By Harvey Lambeth Jr., Adirondack Chapter
My Dad purchased the “Highlander” in 1954, two years barely used and unnamed. I was 13 and our family was part of a large, extended family who now number near 300. My great grandmother, Lillian Tuttle, was born in 1856, in the town of Bolton on a farm in the north country, several miles from Lake George. She finished her schooling and became a teacher but was called away to Texas to help care for an ill relative. There she met her future husband, William Bixby, who was an assistant baggage handler with a railroad at the time. He became very successful in rail car manufacturing and when able, began looking for a summer place. Lillian said why not go to Lake George, “The most beautiful lake in America!”. They did, and bought an old inn in bank default, which they tore down and built their “cottage” with enough room for the seven children (one of whom was my grandmother) and various visitors. That was the beginning, 1898, and along came 23 grandchildren including my mother. My dad was also a summer kid, they met and were married in 1939. I was born in 1941 and have spent at least part of every summer at Lake George my whole life and consider it my home town.
When Dad bought his Sportsman, water skiing was just beginning to take off. I, and my many cousins had done some aqua-planning (a single wide board attached to the towboat) but we were really excited to try skis because you could do so many more maneuvers with greater range. My Dad was a great sport and helped me, and so many of my cousins, learn to water ski. One of my cousins was slightly disabled and had a balance issue. Dad spent one whole afternoon until he finally made it up! The next day he showed up with a bottle of my Dad’s favorite spirits. That was 1954 and I can relive almost every moment of those early years, so lucky we were.
The Chris Craft Sportsman was one of the most usable boats ever designed. The true utility style allowed all around access to all areas of the boat. Anchoring access and fishing was easy from bow or stern. Anyone who has had to navigate or dock in a storm can appreciate the ability to move around in a hurry. The center engine hatch makes a fine table for picnics or cocktail cruises, and then be ready for work or play the next day. Highlander served many years as a ski boat, fishing boat, cocktail cruiser, picnic boat, ferry boat, access to secret hunting spots in the late fall and still looked good to make an entrance to a dinner dance or lakeside dining. She did it all, and with nary a complaint, and that straight six was a mighty engine for its size!
My Dad and Mom loved the boat and would go out early evenings, day time lunches with their kids and grandkids, nighttime cruises under the stars, picnics with family and other adventures from late spring to late fall deer season. My Dad died in 1988 and the Highlander became my joy, and, responsibility. Fall is my favorite time on Lake George because most of the other folks are gone. One day I made a evening cruise to our favorite lakeside tavern and sat down at the bar looking over the water. An older gent, next to me, looked over and said “I know that boat.” I looked more closely and recognized the man as the owner of the marina where my Dad bought his boat. I replied, “You sold that boat to my Dad”! He didn’t remember my Dad’s name from 45 years ago but he remembered the boat. We reminisced a bit about the old days and how boats have changed and heartily agreed, “They sure don’t make them like they used to!”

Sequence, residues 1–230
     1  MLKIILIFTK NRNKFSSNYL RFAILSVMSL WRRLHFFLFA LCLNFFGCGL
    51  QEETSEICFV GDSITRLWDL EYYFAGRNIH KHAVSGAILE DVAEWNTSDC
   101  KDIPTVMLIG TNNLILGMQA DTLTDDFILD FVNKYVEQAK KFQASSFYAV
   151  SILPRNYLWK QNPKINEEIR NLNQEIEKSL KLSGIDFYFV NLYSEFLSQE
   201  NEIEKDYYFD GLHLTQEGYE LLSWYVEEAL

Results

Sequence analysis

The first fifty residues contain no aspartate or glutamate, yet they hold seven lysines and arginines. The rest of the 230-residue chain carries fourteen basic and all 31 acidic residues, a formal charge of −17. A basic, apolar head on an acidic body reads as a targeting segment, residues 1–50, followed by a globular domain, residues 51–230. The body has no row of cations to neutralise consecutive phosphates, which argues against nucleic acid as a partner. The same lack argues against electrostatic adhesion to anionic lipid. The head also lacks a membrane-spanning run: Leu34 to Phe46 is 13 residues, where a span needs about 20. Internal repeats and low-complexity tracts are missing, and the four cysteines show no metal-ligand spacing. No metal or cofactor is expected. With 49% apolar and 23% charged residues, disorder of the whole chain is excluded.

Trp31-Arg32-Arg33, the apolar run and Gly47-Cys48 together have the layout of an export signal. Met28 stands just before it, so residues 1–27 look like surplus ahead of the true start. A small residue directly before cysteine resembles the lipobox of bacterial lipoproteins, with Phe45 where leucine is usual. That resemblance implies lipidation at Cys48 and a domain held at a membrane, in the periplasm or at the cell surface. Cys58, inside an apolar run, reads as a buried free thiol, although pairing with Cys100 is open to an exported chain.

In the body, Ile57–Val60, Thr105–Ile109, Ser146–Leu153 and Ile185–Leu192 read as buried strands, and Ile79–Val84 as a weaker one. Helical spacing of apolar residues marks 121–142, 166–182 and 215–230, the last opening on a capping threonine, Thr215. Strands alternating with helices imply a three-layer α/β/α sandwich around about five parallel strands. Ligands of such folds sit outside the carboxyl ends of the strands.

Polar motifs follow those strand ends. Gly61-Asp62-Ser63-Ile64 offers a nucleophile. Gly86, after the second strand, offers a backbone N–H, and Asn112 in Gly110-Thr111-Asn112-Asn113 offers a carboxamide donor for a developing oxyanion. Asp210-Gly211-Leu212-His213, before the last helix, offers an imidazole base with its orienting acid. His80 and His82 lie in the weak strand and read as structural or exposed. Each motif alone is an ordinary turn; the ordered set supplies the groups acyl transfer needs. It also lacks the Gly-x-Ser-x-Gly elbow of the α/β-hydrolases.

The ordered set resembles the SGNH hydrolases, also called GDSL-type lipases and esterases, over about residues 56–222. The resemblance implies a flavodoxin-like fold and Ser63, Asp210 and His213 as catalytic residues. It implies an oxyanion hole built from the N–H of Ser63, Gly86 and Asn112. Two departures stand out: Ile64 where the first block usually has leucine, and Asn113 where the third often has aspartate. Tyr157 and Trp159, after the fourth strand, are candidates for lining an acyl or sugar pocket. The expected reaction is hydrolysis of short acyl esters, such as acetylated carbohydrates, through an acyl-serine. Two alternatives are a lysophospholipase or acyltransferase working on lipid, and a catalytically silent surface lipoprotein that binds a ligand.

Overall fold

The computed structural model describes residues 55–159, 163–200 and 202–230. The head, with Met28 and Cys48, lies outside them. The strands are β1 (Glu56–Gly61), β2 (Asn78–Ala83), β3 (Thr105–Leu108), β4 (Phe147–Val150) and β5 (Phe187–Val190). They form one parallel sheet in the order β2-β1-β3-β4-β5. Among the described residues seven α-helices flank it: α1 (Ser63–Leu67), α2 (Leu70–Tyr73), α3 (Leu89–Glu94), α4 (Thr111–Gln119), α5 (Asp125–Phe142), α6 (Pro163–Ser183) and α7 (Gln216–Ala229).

After years and years of pretty active use a lot of things needed to be done. Several refinishing jobs, an engine rebuild, etc. The family had gone to an outboard for a ski boat many years past so the Highlander became a pleasure boat only. My wife, Wendy, and I lived in Bolton for about 10 years and enjoyed many hours of boating. We moved to Camano Island, Washington 15 years ago but always visit Lake George a couple of times a year and always enjoyed the boat.
Several years ago I was alone on a last cruise Columbus Day weekend, just putt-putting along the west shore taking in some of the new building going on. Suddenly, out of nowhere came a Grady White, whose pilot was blinded by the west sun. He avoided a T-bone hit at the last moment, but hit the Highlander broadsides at a high rate of speed. No one was hurt, but all parties were well shaken. The Grady had a scratch, but the Highlander’s port gunwale was splintered from bow to stern. I limped back and had repairs done over the winter. She looked fine but never drove the same. My 3 boys were now grown, had families and major responsibilities of their own, less time and less access to Lake George. Here I was in my mid seventies, not quite as active and not sure I wanted to be giving my boys a headache to deal with; so I sold the Highlander to a boatbuilder to put her back in shape and give another family a chance to enjoy one of the finest all purpose boats ever made and, hopefully, back on Lake George. We will go back and I will be on the Lake, but I have to sign up to use a family boat, now.
Oh well, that’s called aging gracefully! We are like a club, now, pay dues and share the many expenses to keep the old family place going.
Although we no longer own the Highlander, our extended family owns a younger sister Sportsman (1953) that has been restored several times, been repowered and serves our many members most faithfully. We also share an outboard ski boat and the “Grand Dame” of our fleet – an 1896 model – 36′ ELCO electric launch that my great grandfather used for fishing lake trout. She still plies the waters with grace on an almost daily basis in summer, as family members can’t wait to get on the water for an evening cruise when they get to the Lake. So here we are, 120 years later, still driving wooden boats on Lake George. There’s no greater joy for me!